Binary Radio Pulsar Search (Perseus Arm Survey) "BRP5"

Neil Newell
Neil Newell
Joined: 20 Nov 12
Posts: 176
Credit: 169,699,457
RAC: 0

I'm not terribly bothered

I'm not terribly bothered about the actual credit, but it's always interesting to dig into things and try and understand what is going on.

Since BRP5 was launched around 24-May, I've calculated the following values for 10 of my hosts:-
BRP4a: Average run time for BRP4 tasks prior to BRP5 introduction
BRP4b: Average run time for BRP4 tasks since BRP5 introduction
BRP5: Average run time for BRP5

The "Relative change" shows the average run time relative to BRP4a; my hosts appear to range from 9.09 to 12.73 (but note the outlyers are slow hosts which haven't done a lot of BRP5 tasks yet).

The calculations were done by simply adding up the time taken for each of the 3 categories, and dividing by the number of tasks completed in the category (to give the average time per task). Note that the figures will be more accurate on the faster hosts (since they have done more tasks).

These hosts spend all their time on E@H, except for hosts 6570151 and 6123309 which spend 25% of their time on A@H.

If anyone wants to send me their 'job_log_einstein.phys.uwm.edu.txt', I should be able to run the same calculations pretty easily - it would be particular interesting to do this for the hosts that are in the 7x-8x BRP4 time range.

Beyond
Beyond
Joined: 28 Feb 05
Posts: 117
Credit: 1,416,742,429
RAC: 5,705,277

RE: RE: [Can anyone tell

Quote:
Quote:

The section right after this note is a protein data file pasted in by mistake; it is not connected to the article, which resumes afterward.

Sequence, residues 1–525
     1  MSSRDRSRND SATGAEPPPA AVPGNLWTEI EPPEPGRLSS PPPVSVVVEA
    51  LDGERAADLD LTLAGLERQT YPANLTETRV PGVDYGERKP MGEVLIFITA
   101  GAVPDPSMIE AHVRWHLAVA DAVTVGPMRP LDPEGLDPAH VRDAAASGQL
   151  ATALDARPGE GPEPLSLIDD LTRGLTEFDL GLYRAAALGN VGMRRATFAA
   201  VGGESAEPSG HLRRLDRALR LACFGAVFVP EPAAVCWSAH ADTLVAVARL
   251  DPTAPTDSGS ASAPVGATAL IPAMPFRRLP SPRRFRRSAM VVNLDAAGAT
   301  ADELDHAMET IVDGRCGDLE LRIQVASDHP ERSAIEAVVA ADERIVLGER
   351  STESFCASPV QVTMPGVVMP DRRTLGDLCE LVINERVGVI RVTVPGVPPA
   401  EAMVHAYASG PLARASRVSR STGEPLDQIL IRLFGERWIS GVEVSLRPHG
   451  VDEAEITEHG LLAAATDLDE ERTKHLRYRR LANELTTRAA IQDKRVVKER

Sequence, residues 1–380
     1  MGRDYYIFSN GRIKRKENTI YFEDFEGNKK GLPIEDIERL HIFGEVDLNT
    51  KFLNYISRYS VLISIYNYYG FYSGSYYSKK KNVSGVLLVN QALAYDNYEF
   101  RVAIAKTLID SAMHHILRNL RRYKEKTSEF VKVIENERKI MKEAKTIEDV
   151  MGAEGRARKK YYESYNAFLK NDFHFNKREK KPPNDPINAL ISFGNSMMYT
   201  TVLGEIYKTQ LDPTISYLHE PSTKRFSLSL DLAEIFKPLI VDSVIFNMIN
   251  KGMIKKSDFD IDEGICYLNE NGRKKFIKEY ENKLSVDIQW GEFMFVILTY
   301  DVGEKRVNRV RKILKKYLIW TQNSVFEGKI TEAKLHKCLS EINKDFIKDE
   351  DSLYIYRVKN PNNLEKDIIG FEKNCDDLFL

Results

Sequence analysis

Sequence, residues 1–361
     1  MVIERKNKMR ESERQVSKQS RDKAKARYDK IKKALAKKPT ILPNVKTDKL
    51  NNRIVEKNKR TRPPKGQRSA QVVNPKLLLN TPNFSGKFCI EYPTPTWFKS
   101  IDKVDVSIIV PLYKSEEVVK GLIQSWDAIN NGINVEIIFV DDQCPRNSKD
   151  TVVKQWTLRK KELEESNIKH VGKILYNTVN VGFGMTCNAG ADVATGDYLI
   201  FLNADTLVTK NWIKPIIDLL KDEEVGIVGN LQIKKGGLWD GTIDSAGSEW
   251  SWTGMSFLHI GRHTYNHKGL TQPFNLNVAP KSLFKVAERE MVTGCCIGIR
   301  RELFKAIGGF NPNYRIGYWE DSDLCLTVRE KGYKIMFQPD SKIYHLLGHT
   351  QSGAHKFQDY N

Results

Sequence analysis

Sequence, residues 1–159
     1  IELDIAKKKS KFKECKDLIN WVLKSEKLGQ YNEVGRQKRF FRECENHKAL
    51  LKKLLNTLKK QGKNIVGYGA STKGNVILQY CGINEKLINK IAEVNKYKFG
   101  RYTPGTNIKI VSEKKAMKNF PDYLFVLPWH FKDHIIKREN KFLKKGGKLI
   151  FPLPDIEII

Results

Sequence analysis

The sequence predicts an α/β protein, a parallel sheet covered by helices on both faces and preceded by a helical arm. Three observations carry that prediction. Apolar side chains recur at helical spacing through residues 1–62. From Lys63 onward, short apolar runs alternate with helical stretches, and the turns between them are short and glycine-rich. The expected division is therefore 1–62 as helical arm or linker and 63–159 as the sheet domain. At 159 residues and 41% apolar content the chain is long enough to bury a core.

[Can anyone tell me what other projects (e.g. SETI) grant on average per GPU hour?

Ho Bernd. Don't know about seti, creditnew is bizarre and erratic to say the least. Probably one of the reasons for the mass exit from the project.

GPUGrid grants about 8250 credits/hour on a relatively slow GTX 650 Ti. Double that on a GTX 670. POEM, MilkyWay, Collatz, Donate and DistrRTgen are all higher (some much higher) for both ATI/AMD and NVidia GPUs. The WCG GPU app is gone but it granted very low credits (but higher than Einstein ;-).


The one I didn't list was PrimeGrid since I haven't run it for a while. So ran a PG WU yesterday on a very slow HD 7770 GPU to check:

http://www.primegrid.com/result.php?resultid=455017827

3371 credits for 5,899.13 seconds run time, so 0.571 credits/second
The same GPU averaged 3870 seconds for 2x Einstein WUs for 1000 credits, so 0.258 credits/second.

The PrimeGrid credits/second is still much lower than GPUGrid, POEM, Donate, Collatz, MW, DistrRTgen or Moo! I think that covers all the current GPU projects except seti, which basically HAS to run creditnew because of, well you know why...

Personally I think all GPU projects should as much as possible offer the same level of credits/hour. Unfortunately they don't. Einstein is the project that diverges most from the norm (except for perhaps seti which doesn't have a choice).

Jord
Joined: 26 Jan 05
Posts: 2,952
Credit: 5,779,100
RAC: 0

RE: it doesn't reflect the

Quote:
it doesn't reflect the fact that there is a big variance of runtimes of BRP4 and BRP5 WUs.